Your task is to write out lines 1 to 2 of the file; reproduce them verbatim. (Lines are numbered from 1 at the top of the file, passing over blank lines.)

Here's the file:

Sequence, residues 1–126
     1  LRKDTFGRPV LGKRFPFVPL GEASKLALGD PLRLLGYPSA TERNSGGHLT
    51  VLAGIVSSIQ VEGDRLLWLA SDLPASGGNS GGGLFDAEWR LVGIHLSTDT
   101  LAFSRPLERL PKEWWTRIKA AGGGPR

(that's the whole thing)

Sequence, residues 1–126
     1  LRKDTFGRPV LGKRFPFVPL GEASKLALGD PLRLLGYPSA TERNSGGHLT